BY JAY ROBERTS (SPECIAL TO LIMELIGHT MAGAZINE)
The Cassette Chronicles is a continuing series of mini reviews and reflections on albums from the 1980’s and 1990’s that I have acquired through Purchase Street Records in New Bedford, MA.
The aim of this series is to highlight both known and underappreciated albums from rock, pop and metal genres from the 1980’s through the cassette editions of their releases. Some of the albums I have known about and loved for years, while others are new to me and were music I’ve always wanted to hear. There will be some review analysis and my own personal stories about my connection with various albums.
These opinions are strictly my own and do not reflect the views of anyone else at Limelight Magazine.
JOHN WAITE – Rover’s Return (1987)
Back in the murky swamps of the distant past, I was slightly less grumpy and cranky than I am now. This would probably account for why in 1984, I absolutely loved the John Waite #1 smash hit ballad “Missing You” from his No Brakes album. It was a ballad but one that didn’t come with so much cheese as to bind up your insides beyond salvaging. As for the album it was on, No Brakes was fantastic from beginning to end. I really loved that album.
So, as I sat down to listen to Rover’s Return, I found myself wondering why I never really got into John Waite’s other solo albums. At least not to the point I did with No Brakes.
The ex-Babys singer Waite has always had a great voice that has shined with his original group, solo and with Bad English. However, on Rover’s Return there is ample evidence that a big reason why he never quite reached the continuing success peak with his solo career is because he just didn’t have the best songs to work with.
The album kicks off with the track that served as the big single attempt, “These Times Are Hard For Lovers.” Co-written by Desmond Child (who is also credited with backing vocals on the album), the uptempo number is quite catchy. However, the blending of backing vocals during the song’s chorus overpowers Waite’s main vocal track and feels like a bit of overkill. While I generally like the song, each time I hear the chorus I cringe.
The other single released from the album was “Don’t Lose Any Sleep,” which was written by another prolific hit songwriter, Diane Warren, but it did worse on the charts than “These Times…” I can understand why because the quality of the song changes from one moment to the next. I found myself wavering on this one because there were moments I liked in the song but they’d get swallowed up by the next moment which made me want to scream in agony.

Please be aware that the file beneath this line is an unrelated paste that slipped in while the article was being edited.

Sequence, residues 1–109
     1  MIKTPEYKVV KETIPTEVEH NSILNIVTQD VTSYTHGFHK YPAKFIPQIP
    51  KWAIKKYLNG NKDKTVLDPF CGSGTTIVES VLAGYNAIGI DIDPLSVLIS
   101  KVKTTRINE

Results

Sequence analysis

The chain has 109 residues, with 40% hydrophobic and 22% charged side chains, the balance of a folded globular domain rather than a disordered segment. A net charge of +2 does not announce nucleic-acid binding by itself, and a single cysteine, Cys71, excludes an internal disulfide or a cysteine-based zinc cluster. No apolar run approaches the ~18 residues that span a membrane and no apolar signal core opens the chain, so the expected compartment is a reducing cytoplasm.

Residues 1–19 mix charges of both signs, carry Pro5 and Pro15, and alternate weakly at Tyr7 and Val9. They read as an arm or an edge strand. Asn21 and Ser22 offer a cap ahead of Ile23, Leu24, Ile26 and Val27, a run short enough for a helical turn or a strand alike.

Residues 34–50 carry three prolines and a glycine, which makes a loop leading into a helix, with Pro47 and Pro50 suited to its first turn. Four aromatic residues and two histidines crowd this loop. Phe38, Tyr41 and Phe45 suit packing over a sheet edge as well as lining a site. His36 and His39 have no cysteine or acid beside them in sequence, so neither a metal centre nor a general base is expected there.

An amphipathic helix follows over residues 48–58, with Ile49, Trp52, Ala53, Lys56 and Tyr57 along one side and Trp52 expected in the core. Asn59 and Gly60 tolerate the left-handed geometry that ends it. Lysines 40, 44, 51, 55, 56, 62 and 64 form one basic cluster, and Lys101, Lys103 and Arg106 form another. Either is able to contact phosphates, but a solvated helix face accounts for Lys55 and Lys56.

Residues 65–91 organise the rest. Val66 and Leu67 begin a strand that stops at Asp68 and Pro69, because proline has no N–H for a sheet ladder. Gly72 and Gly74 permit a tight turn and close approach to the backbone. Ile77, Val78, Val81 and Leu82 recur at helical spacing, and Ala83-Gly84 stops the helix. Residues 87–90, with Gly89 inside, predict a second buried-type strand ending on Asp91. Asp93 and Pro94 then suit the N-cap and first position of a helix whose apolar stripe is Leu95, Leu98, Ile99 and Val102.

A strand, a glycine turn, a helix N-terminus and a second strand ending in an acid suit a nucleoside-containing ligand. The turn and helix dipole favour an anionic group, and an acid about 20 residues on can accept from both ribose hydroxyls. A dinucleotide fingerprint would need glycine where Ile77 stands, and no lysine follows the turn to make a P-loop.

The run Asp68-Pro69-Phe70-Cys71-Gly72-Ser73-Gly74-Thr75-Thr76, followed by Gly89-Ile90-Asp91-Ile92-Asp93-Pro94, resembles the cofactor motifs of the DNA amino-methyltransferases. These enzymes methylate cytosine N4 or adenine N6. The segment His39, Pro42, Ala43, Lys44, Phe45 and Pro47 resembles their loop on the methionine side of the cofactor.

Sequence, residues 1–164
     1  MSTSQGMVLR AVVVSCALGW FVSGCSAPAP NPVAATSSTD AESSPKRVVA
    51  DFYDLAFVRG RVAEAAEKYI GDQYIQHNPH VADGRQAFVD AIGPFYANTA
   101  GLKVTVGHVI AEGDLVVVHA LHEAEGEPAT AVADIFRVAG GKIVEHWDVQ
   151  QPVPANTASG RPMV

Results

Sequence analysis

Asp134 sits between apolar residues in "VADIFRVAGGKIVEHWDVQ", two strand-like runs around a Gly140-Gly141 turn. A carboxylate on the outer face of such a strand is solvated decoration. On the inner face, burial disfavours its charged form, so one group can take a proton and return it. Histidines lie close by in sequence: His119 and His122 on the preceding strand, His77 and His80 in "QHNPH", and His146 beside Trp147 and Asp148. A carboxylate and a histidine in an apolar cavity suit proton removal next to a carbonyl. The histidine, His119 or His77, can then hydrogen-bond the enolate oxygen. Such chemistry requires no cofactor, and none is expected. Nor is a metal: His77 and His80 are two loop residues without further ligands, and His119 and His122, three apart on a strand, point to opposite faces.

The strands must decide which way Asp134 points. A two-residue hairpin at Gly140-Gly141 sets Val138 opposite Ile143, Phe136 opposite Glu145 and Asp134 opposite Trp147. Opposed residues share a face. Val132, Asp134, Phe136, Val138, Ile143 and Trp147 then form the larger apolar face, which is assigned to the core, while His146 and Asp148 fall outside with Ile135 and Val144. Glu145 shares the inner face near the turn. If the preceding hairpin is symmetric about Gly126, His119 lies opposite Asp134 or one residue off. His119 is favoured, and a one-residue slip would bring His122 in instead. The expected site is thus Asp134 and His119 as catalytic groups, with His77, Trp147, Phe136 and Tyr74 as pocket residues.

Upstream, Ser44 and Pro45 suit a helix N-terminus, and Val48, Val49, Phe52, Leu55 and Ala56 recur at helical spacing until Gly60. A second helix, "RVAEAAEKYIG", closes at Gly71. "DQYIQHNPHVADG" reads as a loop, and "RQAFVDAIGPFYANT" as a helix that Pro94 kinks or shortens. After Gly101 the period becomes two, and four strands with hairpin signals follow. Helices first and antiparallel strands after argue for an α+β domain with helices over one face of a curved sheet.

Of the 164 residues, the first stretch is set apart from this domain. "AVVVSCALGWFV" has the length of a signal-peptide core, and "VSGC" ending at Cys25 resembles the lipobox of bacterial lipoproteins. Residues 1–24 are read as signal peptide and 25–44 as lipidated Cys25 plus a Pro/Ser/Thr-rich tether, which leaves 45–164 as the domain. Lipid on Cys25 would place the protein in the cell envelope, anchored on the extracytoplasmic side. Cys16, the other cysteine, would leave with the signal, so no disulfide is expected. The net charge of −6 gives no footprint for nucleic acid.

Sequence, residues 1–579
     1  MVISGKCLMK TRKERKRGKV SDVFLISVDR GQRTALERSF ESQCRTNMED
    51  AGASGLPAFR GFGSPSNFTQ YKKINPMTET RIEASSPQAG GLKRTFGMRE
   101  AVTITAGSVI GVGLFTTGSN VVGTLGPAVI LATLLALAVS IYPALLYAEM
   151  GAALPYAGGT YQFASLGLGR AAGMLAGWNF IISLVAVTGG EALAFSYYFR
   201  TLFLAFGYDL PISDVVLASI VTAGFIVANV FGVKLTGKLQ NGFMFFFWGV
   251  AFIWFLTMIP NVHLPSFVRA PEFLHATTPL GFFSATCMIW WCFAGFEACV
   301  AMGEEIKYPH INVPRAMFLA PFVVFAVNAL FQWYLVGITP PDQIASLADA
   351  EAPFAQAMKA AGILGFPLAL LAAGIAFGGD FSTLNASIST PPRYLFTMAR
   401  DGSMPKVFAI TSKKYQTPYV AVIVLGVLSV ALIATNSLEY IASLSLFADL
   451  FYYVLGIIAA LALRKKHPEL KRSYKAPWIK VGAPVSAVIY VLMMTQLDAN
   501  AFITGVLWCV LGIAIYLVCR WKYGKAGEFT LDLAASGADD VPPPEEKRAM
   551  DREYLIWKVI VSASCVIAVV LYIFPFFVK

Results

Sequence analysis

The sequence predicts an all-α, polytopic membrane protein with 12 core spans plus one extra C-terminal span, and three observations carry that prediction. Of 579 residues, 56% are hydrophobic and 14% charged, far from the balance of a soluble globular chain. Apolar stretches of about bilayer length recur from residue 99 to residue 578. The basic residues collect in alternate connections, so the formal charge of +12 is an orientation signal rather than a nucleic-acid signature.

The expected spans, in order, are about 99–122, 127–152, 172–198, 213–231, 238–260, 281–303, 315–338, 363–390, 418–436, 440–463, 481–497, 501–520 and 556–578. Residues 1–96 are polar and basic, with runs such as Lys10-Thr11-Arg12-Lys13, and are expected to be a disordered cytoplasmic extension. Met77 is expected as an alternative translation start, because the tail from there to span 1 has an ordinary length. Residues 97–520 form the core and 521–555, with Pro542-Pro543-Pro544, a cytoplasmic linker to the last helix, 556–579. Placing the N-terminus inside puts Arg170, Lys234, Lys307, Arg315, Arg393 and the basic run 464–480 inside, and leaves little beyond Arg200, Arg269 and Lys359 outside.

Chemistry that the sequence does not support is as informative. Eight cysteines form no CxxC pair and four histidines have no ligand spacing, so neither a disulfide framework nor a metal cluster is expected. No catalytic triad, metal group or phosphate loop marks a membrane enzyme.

Songs like “Act of Love,” a depressingly one note serving of blandness that makes white bread look edgy made me wonder who had the final say on picking the tracks for the release. Normally, a major complaint of mine centers on the ballad tracks on any given album, but in a somewhat refreshing yet odd change of pace, the faster rock paced song “Wild One” which closes out Side One is stunningly weak for a song that aims to get the blood pumping.
I know, I know. You are reading this and wondering if there was anything about this album that I liked without reservations because you don’t want to read just a diatribe of how mediocre I found Rover’s Return to be.
The answer is yes. There are some rather good tracks that deserved to be on a better cast album than this one. The song “Encircled” has an edgier musical score to it with Waite’s vocal performance more forceful. “Woman’s Touch” has a gritty guitar line in the song that caught my ear.
For my money, the last three songs on the album are where Waite’s abilities are demonstrated to their full potential. “Sometimes” is a ballad with some rather excellent storytelling in the lyrics. “Big Time For Love” closes things out with a racing rock crescendo and my personal favorite song on the album, “She’s The One,” melds rock aggressiveness with pop sensibilities for a song that I would’ve loved hearing as a big hit radio track all those years ago.
I’ve been a fan of John Waite’s voice ever since “Missing You” was released as a single, and that hasn’t changed regardless of where I heard his voice over the years. I’ve heard stuff from his time with The Babys and loved the first Bad English album. He’s just got something that endears his singing to the listener. But despite this, even though he wrote or co-wrote 7 out of the 9 cuts on this album, there are times when the songwriting is lacking and fails to capture the best of what he can do.
I find that to be a rather embarrassing thing to admit because I do claim an allegiance of fandom for him. But Rover’s Return is simply not more than an adequate release that leaves you feeling disappointed because the album could’ve been so much more.
Notes of Interest: Anton Fig, best known as the drummer for David Letterman’s house band The CBS Orchestra, is one of three credited drummers on this album. His name is spelled “Figg” in the liner notes. Meanwhile, singer Joe Lynn Turner (Rainbow, Deep Purple, Yngwie Malmsteen) is credited as providing backing vocals.